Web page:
Right In Front Of My Face.

Debit Readers

Have you ever overlooked something that was really obvious? I mean it was right there in plain view, but you couldn’t see it?  To make matters worse sometimes the pressure is really on and you’ve got to come through for everyone, but you don’t know what the answer is or even where to find it?  You know the type of situation I’m talking about don’t you?

Like finding the “Yes” button on the debit card reader at the grocery store.

Isn’t it about time that we finally adopt a standardized button layout for these machines?

I know that the button is there on the machine, but where?

Sometimes the button says, “enter”,

Other times it says “accept”.

Occasionally it doesn’t say anything at all because the words have been rubbed off.

Sometimes the words on the screen are by the button you are supposed to push,

but sometimes you have to tap the screen with a stylus.

If you’re lucky the button is green,

but sometimes it’s blue.

You may know where the button is on the machine at a Safeway, but go into an Albertson’s, and you need Tommy Lee Jones doing a hard target search of every henhouse, outhouse, and doghouse in the county to find it.

So you stand there paralyzed,

Staring at the PIN pad,

While a woman behind you is clearing her throat and pointing,

And you finally see it…

It’s right there on the pad,

 A stationary button that doesn’t move.

It’s been there the whole time.

It wasn’t hidden.

It just wasn’t where we wanted it to be.

Would it surprise you to find out that Jesus dealt with situations like this all of the time?  Situations where he tried to make things perfectly clear, but people just didn’t get it?  The New Testament is full of scenarios where the people closest to Jesus, the disciples, had no idea what he was talking about.

Probably the greatest illustration of this is that Jesus’ death, burial, and resurrection came as a complete surprise to his followers, even though these events are foretold by the scriptural prophets and Jesus himself.

The choking point for the disciples seems to have been their intense focus on, and desire for, Jesus to be the kind of savior that delivered them from political, social, and financial oppression.

As first century Hebrews living under Roman occupation, every one of God’s chosen people lived under a yoke of actual physical suffering.  Overtaxed, physically abused, and socially marginalized, their intense desire for freedom in every area of their physical lives came at the expense of recognizing the depth of their spiritual need.

Remember that the nation of Israel didn’t generally believe that they had a salvation problem, they were already “God’s Chosen People”.  In their paradigm, submission to God’s rule over them wasn’t for eternal salvation; they believed that they submitted to God for the sake of receiving his blessings.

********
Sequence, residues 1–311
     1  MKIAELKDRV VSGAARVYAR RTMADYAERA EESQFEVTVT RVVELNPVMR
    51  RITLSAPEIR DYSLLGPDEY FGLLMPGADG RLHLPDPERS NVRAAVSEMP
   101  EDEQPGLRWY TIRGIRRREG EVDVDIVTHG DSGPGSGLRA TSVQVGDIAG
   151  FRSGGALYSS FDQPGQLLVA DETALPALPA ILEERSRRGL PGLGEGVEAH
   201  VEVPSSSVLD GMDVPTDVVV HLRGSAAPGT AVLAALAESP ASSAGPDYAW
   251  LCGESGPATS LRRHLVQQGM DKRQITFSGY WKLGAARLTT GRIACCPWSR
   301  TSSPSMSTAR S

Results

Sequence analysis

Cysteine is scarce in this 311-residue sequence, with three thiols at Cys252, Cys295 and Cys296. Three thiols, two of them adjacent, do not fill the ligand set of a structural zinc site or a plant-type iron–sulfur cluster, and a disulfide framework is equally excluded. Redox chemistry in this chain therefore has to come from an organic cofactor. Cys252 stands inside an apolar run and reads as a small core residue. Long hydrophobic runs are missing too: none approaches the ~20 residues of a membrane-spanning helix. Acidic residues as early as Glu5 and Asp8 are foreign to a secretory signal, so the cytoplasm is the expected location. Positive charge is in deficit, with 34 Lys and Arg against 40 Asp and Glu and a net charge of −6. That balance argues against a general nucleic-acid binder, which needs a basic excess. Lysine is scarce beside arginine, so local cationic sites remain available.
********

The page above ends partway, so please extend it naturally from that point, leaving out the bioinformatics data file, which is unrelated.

Lost in the midst of their painful self-focused theology were the prophecies that Messiah would suffer and die in order to redeem all of humanity, including the Gentiles who would also be brought into the Kingdom of God.

I’d submit to you that an honest look at our American version of Christianity reveals that we feel very much the same way about Jesus that his disciples did:

Believing that we’ve received salvation from Jesus we run down a path where we begin to ignore much of what He is saying… unless it has to do with relieving the frustration we feel at the hands of our “oppressors”.

“Now that my eternity is secure, it’s time to focus on making my present more comfortable.”

Is this why many Christians in the richest nation in the history of earth spend massive amounts of their free time distracted by media that rails against their perceived financial, social, and civil oppression?

Is this why we gloss over much of what Jesus commands in regards to discipleship?

Is this why we don’t ask our pastors to preach about Jesus’ teaching that we will suffer?

Is this why we flatly ignore the New Testament’s commands to patiently endure suffering?

Unfortunately it’s easier to complain about politics and taxes on Facebook than it is to engage with people who don’t know Jesus.  It’s also easier for us to get caught up in conversations about our special interests than it is to engage in the life that interests Jesus.

What interests Jesus is quite plain,

It’s actually written very clearly in Scripture.

We just have to stop looking frantically for what we want it to be,

And be willing to accept it for what it is.

“Now about your love for one another we do not need to write to you, for you yourselves have been taught by God to love each other. And in fact, you do love all of God’s family throughout Macedonia. Yet we urge you, brothers and sisters, to do so more and more, and to make it your ambition to lead a quiet life: You should mind your own business and work with your hands, just as we told you, so that your daily life may win the respect of outsiders and so that you will not be dependent on anybody.” -I Thessalonians 4:9-12

“I urge, then, first of all, that petitions, prayers, intercession and thanksgiving be made for all people—  for kings and all those in authority, that we may live peaceful and quiet lives in all godliness and holiness. This is good, and pleases God our Savior, who wants all people to be saved and to come to a knowledge of the truth.” -I Timothy 2:1-4

Wow. It's Quiet Here...

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